Full Chisel Blog

November 29, 2008

Sash Work

Filed under: Uncategorized — Stephen Shepherd @ 9:46 am

I got the new door joined together last weekend and finished the sash work.  I have posted earlier on making the sash molding with a rabbet plane, lacking a proper sash plane.  But I did manage to shoot and stick enough molding to do the entire door with a bit left over, better than running short.

Door frame with uprights

When I first looked at the existing door that I am copying, I thought that there was a mortise and tenon joint at every intersection of cross pieces.  Well, thinking does get me in trouble from time to time and this was the case.  Upon careful examination, by just taking a closer look,  was that they were indeed mortise and tenon joints but they were very small and the mortise was simply chopped into the sash molding down to the rabbit on the back side.

Door with first cross pieces

Then the ends of the mullions were coped to fit the angle of the sash molding.  That little birds mouth held the pieces in place.  Now the uprights look straight and they are fairly straight and to keep them that way exact measurements for the cross pieces was critical.

Door with all the sash work

But one thing I did learn, which made things go a lot quicker than I anticipated was that I could take the measurements for the cross pieces from the back side.  The cross pieces were exactly fit in between the rabbets, so I could use that space to accurately mark the cross pieces.  Then there was the task of coping them to each piece.

Because they are hand made there was some variation, but after chopping 38 mortise and tenons for just the mullions and four more for the door frame, that was a lot of work.  I did carefully scribe the first several that I did, then being lazy, I just eyeballed them and got them close enough that a final work with a sharp chisel brought them into proper fit.

The last photograph shows the door completely assembled but not glued up.  I had to tweak things and actually replace two cross pieces as I was straightening the uprights.  There is some distortion of the picture and the door looks bowed but it is not.  Glue up should be a lot of fun.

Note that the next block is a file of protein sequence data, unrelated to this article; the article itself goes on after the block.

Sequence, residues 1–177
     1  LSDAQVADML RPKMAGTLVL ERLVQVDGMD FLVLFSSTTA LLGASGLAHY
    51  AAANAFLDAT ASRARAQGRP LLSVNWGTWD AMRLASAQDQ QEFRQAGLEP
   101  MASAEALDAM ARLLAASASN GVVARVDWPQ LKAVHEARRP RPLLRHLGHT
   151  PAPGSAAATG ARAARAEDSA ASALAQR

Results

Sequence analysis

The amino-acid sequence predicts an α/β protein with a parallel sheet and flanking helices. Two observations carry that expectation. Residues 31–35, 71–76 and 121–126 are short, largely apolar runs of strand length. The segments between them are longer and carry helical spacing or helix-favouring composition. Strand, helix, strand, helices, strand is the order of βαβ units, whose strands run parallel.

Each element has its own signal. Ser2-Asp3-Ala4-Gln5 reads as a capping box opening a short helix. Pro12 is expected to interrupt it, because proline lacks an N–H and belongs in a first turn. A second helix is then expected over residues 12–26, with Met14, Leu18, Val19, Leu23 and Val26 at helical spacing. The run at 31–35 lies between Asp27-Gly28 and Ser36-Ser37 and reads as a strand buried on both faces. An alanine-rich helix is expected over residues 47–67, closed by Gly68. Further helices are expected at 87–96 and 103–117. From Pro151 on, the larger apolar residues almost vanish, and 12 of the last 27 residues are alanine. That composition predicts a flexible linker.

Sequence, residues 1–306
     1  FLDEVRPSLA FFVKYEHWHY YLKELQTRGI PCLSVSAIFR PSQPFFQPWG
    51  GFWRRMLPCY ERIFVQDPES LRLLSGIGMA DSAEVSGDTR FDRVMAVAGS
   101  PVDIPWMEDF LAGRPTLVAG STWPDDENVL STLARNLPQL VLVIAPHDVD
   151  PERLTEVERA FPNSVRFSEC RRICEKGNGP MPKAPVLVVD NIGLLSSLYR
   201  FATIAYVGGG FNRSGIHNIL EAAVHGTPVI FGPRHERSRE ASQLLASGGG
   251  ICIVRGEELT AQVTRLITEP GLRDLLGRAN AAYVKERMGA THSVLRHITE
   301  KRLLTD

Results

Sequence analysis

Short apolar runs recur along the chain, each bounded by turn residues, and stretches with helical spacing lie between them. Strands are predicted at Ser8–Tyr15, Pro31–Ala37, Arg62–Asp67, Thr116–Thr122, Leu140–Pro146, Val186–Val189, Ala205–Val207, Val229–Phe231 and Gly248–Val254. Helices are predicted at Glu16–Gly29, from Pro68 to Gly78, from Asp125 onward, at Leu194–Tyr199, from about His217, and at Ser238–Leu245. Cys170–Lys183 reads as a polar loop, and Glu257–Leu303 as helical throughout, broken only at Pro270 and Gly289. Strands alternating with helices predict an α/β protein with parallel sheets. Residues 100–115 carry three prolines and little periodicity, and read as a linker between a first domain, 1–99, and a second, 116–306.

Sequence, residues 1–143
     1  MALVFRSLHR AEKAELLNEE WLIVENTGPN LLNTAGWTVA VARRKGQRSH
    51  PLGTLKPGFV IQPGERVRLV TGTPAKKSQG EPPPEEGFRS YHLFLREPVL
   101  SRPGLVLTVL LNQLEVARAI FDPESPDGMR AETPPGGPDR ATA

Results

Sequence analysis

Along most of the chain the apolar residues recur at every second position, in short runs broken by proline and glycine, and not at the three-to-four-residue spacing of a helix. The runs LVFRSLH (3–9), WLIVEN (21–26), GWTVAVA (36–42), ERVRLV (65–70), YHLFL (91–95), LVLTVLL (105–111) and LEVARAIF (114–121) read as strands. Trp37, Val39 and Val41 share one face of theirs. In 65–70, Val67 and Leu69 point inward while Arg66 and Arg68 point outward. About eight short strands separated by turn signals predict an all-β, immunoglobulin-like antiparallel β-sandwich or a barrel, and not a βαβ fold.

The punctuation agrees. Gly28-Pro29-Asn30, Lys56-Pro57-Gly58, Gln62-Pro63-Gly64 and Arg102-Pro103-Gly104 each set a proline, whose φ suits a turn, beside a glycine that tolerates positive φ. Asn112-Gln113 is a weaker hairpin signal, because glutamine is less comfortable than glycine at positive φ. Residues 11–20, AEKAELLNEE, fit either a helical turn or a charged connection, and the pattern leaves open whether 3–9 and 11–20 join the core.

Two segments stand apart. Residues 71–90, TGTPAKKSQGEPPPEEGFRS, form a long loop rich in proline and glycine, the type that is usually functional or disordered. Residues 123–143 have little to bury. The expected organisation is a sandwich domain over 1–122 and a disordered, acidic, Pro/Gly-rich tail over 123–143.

I also started cutting the glass for both doors.  The original door had all of its glass broken out by young boys throwing rocks to break them.  The small openings were a difficult target and the rock damage to the mullions and frame was substantial and took about 20 hours to just do the small Dutchmen repairs.

This is by far the most challenging restoration I have ever encountered.  It is also an historically significant piece, known owner and maker, and one of the earliest Utah pieces that I have ever worked on, this one was made in 1852.  Unfortunately I don’t think I have a photograph of the piece in the condition in which I received it, but it had been painted black over the original walnut graining over pine.  It had sat in a barn in Southern Utah and had some issues like animal crap and mud-dauber wasp nests, plus the years of grime.

This secretary is a real study piece in early construction, adapting to the rigors of the isolated West and shows many of the tool marks from the original construction.  I will be posting more on this piece with descriptions of its construction.



  1. Stephen, having always “ordered” windows in the past, so it has never been necessary for me to know anything about windows other than the dimensions of frame opening. I was taught the top and bottom of the window was the “sash rails”, the uprights on the sides were the “sash Stiles”, and the bars that crossed each other in between were simply “sash bars”. I believe that the term mullion and sash bar are interchangeable, is that right?

    The one thing that I have never seen accomplished before, is how the sash bars or mullions are fitted where they cross each other. I even bought a set of Audel’s once to see how they described this. I have never gotten my head around how you do this. I’ll be cheeky and ask if you could explain this process to me (us?) if you have the time?



    Comment by Mitchell — November 30, 2008 @ 1:45 pm

  2. Mitchell,

    The term mullion and sash bar are interchangable. Sash rail and sash style would also be appropriate. I will take some pictures of the joint to show its construction.


    Comment by Stephen Shepherd — December 1, 2008 @ 6:55 am

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